For me, this sounds more like the deliberate removal of an old town, which under no circumstances was allowed to remain as it was at the beginning of the 19th century. Such a sequence of coincidences and absurdities is no longer comprehensible to me. There will be a reason why hardly anyone notices the numerous fire-breasts of St. John's before 1892. The whole thing is forgotten and there are hardly any reliable objective sources from this time. Instead, the last firestorm, if it was one at all, is almost declared as an urban development measure.

 

Interesting also the statements of alleged witnesses (Wikipedia), which sound rather like "terror", than after a fire inferno, which had inflamed accidentally.

Quote: "The fire continued into the night and into the early hours of the morning. Reverend Harvey's description of the troubled night states that 'the terror-stricken residents' fleeing from 'the destroyer'...the cries of weeping women rushing with their children to places of safety - all a scene not even Dante's pen could describe."

 

Kent said something similar about that night:

"All the arteries that led from the water to the higher parts of the city were full of the terrorized mob and the screams of the women, that mingled with the lamentation of children, the screams, intensified by the ever refreshing masses of malignant fire and the glow of burning buildings, helped to create a scene like this, of which not many witnesses are aware........ There were few who closed their eyes that night."

 

Further statements from the same source:
"The daybreak on the morning of 9 July 1892 showed the full extent of the devastation of the fire. Kent described the sight of the residents who saw the desolation:

As morning dawned, the thick clouds of smoke still rose from the burning ruins, and it took hours for them to sufficiently disperse to take a look at the trail of the desolate scourge. A walk through the abandoned streets showed that the destruction was even more complete than it initially seemed possible. There was hardly a building left of the whole eastern section..... of the costly and imposing buildings and public buildings that were the pride and glory of the people, hardly a remnant remained; and St. John's lay in the morning as a city robbed of its beauty, its noblest ornament, an image of total desolation and ache..."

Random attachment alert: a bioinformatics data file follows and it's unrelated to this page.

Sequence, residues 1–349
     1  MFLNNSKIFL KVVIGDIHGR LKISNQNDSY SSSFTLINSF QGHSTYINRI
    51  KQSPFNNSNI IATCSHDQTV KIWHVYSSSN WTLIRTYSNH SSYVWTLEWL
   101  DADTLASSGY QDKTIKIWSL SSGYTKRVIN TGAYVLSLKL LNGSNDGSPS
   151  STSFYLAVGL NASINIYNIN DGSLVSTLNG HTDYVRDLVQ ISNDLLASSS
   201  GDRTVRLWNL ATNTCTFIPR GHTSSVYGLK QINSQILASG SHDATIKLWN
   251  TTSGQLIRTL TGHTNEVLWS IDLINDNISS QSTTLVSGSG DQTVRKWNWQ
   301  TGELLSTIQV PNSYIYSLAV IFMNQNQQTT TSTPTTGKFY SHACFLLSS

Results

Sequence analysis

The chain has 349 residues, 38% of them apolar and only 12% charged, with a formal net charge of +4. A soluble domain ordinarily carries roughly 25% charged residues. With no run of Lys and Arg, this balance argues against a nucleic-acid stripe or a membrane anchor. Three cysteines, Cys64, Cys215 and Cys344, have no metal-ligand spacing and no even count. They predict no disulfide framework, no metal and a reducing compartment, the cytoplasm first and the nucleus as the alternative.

Rev. Harvey presents a similar description:
The next morning I took a walk around the terrible scene of devastation. It was heartbreaking. Nothing is visible a mile from Devon Row except chimneys and fallen and shaky walls. The thick smoke, from the smouldering ruins, still filled the air.... The symbols of religion stood out, then broken walls pointing skywards, as in sad protest against the desecration that had been committed.

And the poor citizens, where were they? It made the heart ache to see the groups of men, women, and children with tired, bloodshot eyes and smoky faces standing over their furniture and clothing leftovers - some of them sleeping on the floor in total exhaustion - all with depression on their faces. They filled the park and the area around the city. Many hundreds escaped with nothing but the clothes they wore.... At least twelve thousand people became homeless."

 

Sources >> Link

 

 

16th century pipes and an untouched bank building

 

A jump into modern times: A partial clay pipe found in the bay of Bishop's Cove is the oldest piece found during the modernization of the canal system. The local archaeologist Temple believes it dates from the late 16th century.

That doesn't really fit the tradition. In "The Newfoundland Museum: Origins and Development," John E. Maunder describes St. John's at the beginning of the 19th century as "...a rude, dirty and disorganized small fishing village and military garrison of about 5000 souls.... a literary and cultural desert...".

 

Maunder continues that the founding of the first St. John's newspaper in 1807 awakened interest in literacy and education. He notes that within the first three months of the newspaper, ads for new schools appeared on its pages.